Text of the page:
Even years after Haji Lane transformed from a row of shophouses mostly used as warehouse space to the trendy vibe it has today, savvy consumers are still heading there when it comes to shopping for clothes, shoes and accessories.
There are at least 35 fashion stores packed into that little 200m long lane off Arab Street. Among them are pioneers such as Jia which opened in 2006 and Soon Lee which has been operating since 2007. Over the years, more fashion stores have popped up.
Sharon Cher, who opened Soon Lee at 73 Haji Lane in 2007, says: "There were fewer people and stores. Things were slow paced and everyone knew everyone on the street. There are now many more shops and much higher traffic - it's different but in the best way."
Today, walk down that lane and nearly every shophouse is a fashion store. The exceptions are a cool bicycle shop, a hair salon, a furniture store, a few design offices and some F&B outlets.
Haji Lane became a hip hangout for indie shopping when renowned Japanese fashion brand Comme des Garcons opened a temporary store here in 2005.
Cynthia Yeo, owner of Skyroom, opened at 84 Haji Lane in 2006. "I liked the characteristics of the shophouse: old but charming. And there are no rules and restrictions on how I should set up shop unlike in a shopping mall."
The range of apparel on sale at these Haji Lane shops is contemporary and trendy, and more importantly, available only in limited quantities.
Michelle Lim, partner of Hearsay at 59A Haji Lane, which caters to both men and women, says that "the items we sell come in one or two pieces. Customers like that they can find what they want here which is not available elsewhere". The shop has new stocks coming in every month.
Over at Modparade at 68 Haji Lane, its co-founder Fernnice Wong says: "Shopping malls pretty much have the same stores. They are commercially attractive but things will start to get boring, and people want something different. The shops at Haji Lane can offer uniqueness."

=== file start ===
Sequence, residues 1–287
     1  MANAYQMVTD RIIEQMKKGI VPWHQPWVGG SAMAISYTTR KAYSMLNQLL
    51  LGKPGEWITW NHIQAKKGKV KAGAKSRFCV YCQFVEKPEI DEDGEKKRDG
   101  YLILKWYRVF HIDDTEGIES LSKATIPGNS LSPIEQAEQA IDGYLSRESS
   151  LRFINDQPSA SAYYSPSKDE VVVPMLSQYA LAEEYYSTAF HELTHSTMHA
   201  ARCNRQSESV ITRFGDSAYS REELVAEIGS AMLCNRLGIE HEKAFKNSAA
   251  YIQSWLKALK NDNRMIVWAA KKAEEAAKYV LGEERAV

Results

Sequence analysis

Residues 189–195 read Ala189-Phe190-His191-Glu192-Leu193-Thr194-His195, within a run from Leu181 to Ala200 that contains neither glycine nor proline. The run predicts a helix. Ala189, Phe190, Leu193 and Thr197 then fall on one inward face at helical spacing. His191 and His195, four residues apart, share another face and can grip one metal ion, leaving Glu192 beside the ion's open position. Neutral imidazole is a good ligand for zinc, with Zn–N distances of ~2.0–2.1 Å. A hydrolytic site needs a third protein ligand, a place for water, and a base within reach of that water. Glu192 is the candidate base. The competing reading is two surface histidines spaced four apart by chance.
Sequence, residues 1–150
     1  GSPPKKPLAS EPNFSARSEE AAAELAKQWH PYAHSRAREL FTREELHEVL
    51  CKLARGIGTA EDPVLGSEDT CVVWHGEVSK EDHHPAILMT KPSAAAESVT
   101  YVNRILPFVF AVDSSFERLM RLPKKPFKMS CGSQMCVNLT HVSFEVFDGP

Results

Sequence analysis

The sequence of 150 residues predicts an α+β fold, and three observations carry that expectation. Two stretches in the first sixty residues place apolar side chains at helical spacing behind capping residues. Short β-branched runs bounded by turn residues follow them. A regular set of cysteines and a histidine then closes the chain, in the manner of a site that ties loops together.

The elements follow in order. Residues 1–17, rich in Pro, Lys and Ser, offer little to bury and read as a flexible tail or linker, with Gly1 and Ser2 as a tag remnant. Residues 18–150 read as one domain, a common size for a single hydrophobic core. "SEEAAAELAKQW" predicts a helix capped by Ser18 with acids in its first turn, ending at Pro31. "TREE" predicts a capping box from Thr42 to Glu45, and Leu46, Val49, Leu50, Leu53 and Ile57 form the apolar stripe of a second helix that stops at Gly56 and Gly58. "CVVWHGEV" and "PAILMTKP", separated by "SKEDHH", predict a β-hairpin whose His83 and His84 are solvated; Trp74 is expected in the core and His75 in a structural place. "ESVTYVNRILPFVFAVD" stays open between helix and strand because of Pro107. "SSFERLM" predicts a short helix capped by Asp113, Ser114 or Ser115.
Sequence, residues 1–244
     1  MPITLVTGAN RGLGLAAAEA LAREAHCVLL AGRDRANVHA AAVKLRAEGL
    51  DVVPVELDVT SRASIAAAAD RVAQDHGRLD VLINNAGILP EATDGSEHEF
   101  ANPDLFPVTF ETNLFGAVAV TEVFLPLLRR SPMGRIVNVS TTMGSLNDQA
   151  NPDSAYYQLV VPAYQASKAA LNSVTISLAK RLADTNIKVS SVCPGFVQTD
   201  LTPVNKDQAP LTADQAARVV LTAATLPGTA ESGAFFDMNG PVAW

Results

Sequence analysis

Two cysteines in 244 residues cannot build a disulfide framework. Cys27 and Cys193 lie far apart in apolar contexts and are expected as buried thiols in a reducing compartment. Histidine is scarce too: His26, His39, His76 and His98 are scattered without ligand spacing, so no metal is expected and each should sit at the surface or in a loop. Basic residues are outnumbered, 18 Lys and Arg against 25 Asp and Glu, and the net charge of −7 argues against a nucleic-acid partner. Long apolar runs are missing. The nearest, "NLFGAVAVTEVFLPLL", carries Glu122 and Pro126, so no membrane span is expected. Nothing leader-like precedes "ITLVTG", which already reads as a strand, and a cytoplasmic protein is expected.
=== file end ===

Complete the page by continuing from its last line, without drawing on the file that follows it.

Student Gillian Ang, who often shops at Haji Lane, remarks: "There is no worry that I will find another person wearing the same top as I am when I shop here."
Storeowners say they like setting up shop in this offbeat lane, compared to malls, as they can be more creative with the shop decor. Queenie Liang, owner of Chic Fashion at 56A Haji Lane, has the back half of a car as part of her shop's facade. "The creative interiors add to the shopping experience, which makes it more fun to shop here," says Ms Liang.
Indeed, among the racks of clothes, shoppers may stumble upon a puppy or a cat in the shops, belonging to the owners.
Haji Lane is not only popular with locals, but is a hit with tourists too. Stores say that tourists make up almost half their customers. Korean tourist Cho Ye-eun visited Haji Lane after reading about it in a guidebook. "Haji Lane is stated as one of the places worth visiting and my friends recommended me to come here too," she says.
But with more than 30 fashion stores on one lane, is it too many? Many storeowners say no, despite an increase in competition.
"It is healthy competition, as each store has different identities and product ranges," says Emma Jailani Saunders, founder of Fabulous Fads at 80 Haji Lane. Her shop carries apparel from Europe and the United Kingdom, which makes it different from others that carry labels from Korea and Hong Kong.
Hearsay's Ms Lim says since opening the store about two years ago, business is definitely more competitive, "but it is alright as I have my regulars".